Avoid The One Legged Stool

When you’re building your business, the one thing you are always having to keep trying to balance is the desire to double down on winners and not putting all your eggs in one basket.  It can be quite a challenge to get this balance right, especially when you’re just starting out and you’re seeing your first successes.

Throughout my experience, I’ve seen people get this wrong from both extremes.

On the on hand, you have someone who has some success and immediately they start frantically doing a bunch of different things.  They use the proceeds of their success to expand their offerings and grow into new products or services.  This expansion distracts them so much that the weight of all the things going on crushes their nascent success and sets them back significantly.

This kind of diversification is in my opinion, ultimately the best strategy, but it needs to be tempered.  You need to get your “sea legs” under you before you start taking on the world and spreading yourself too thinly.

The alternative though is worse and that’s building the one-legged stool.

The one-legged stool is the person who builds a business that does one thing.  They see themselves having success and they decide to invest significantly in that and block out distractions.  They’ll often pass up golden opportunities for expansion just to keep their singular focus on their bread and butter.

Then when something goes wrong, the entire thing collapses – they’ve been delicately perched atop the one-legged stool and something has come along and disturbed their balance.

This can even be worse when the person is a digital sharecropper and have built their “business” on someone else’s platform.  In this scenario, you’ve compounded your risks because not only are you single source dependent for your income and customers but the terms of engagement with those customers are almost entirely at the leisure of an external party.

I’ve seen this recently with several Udemy instructors that I know.  They had built up healthy sized streams of revenue from their Udemy courses and they doubled down on creating more courses to feed the Udemy machine.  They ignored the warnings about needing to build their own platforms and diversify their investments in the name of “sticking with what’s working.”

In essence, these folks had a fully “at risk” job working for Udemy making content.

Then in April, Udemy made a seismic shift in their pricing and discounting strategy.  This change has resulted in a significant drop in earnings for the majority of Udemy instructors, with many people seeing a 40% decline and some with as much as 80%.

The people who’ve suffered the most are the ones who’ve built the classic one-legged stool type of business.  They took shortcuts and rather than building a proper business, they focused solely on maximising their return from Udemy trying to wring every penny out of that environment.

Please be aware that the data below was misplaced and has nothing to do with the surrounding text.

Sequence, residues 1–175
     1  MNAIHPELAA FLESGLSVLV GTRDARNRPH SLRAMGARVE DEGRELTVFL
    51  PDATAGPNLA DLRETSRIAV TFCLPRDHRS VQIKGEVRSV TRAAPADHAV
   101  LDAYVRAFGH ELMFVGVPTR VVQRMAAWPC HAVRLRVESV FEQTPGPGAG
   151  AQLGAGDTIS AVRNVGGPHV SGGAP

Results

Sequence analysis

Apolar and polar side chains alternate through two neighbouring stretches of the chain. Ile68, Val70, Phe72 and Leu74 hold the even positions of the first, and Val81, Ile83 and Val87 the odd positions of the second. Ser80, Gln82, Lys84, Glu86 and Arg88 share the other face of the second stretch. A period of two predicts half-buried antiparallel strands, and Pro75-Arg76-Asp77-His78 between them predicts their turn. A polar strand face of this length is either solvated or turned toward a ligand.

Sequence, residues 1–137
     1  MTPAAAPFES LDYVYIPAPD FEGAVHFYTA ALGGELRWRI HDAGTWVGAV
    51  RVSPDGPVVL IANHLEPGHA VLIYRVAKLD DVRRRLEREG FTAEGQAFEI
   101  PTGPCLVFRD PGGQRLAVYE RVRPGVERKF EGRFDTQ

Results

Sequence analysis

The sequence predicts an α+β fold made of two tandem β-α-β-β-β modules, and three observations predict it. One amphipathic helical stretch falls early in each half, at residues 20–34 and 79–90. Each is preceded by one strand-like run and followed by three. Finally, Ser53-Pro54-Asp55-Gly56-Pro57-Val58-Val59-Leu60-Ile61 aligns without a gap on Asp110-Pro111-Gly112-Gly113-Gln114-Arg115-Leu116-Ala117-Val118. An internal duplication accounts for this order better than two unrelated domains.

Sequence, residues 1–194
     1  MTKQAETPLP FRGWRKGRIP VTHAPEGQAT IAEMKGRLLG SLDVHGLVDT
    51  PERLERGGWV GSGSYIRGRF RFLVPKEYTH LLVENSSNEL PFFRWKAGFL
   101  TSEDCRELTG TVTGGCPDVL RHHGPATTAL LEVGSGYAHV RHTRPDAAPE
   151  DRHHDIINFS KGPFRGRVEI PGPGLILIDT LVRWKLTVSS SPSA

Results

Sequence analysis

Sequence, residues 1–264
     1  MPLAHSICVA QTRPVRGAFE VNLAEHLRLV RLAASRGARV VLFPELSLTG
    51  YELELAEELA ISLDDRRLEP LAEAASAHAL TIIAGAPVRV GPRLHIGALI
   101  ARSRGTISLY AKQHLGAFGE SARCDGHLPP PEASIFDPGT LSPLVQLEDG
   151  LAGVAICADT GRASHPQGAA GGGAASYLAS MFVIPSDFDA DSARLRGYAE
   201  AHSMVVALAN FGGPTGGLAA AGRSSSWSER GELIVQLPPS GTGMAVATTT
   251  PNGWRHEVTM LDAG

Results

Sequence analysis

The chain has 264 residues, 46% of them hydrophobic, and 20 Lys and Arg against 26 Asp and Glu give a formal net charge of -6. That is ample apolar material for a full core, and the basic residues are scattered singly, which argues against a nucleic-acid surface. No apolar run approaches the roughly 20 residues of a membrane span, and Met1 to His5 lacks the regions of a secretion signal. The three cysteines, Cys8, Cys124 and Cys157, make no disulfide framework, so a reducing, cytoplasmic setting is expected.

It’s been fascinating to watch the way people have responded.  The smart people have sensibly diversified their offerings and gone towards taking back some control.  They realised that they needed to put some more effort into developing their marketing, building their own audience and driving traffic to properties that they own.  This is a long journey for these people, but long term, the results will be more stable.

Others have taken a wait and see approach which also makes some sense.  When there’s an unexpected downward shift in your business, it’s never a bad idea to take a deep breath and survey the damage thoroughly before trying to fix the problems.

The people who always lose though, are the ones firmly perched atop the one-legged stool because their position is the most precarious.  Everything destabilises them and they become so obsessed with maintaining balance that they forget to start building out other legs for the stool.

So what’s the right answer?

Well, like most things in life, the key is moderation.  When you have some success it is important to dial that success in and make it a stable part of your business.  That’s like adding a second leg to the stool.  Make sure that you identify things that could upset your success and put in countermeasures to shore those weak parts up.

The other element is considering carefully how you can leverage your success into other areas of potential growth without spreading yourself too thin.  In today’s world, unless you are growing, you’re shrinking, so your business has to be able to take advantage of its wins to grow and be stronger.  Every success you have is like a lever that you can use to move bigger and heavier obstacles in your path to open your road to greater success.

That’s the third leg of your stool.

The final thing you need to do is, get control over the ground that your stool sits on so that you can level it out and make it safer for your stool to stand on.  This is where you need to look at whether you own the platforms you’re resting your stool on.  In an online business, this is about not being a digital sharecropper.  You MUST be in control of the platforms where you send your customers – this should be one of your most important strategic undertakings!

The next time you’re thinking about your business, consider the type of stool that you’re sitting on.  How many legs does it have?  Is the ground it’s sitting atop of level and firm?  If you’re too heavily invested in one source of income or worse, you’re dependent on a third party to feed you sales, then you have a less than optimal stool and you have some work to do to get some stability into your situation.

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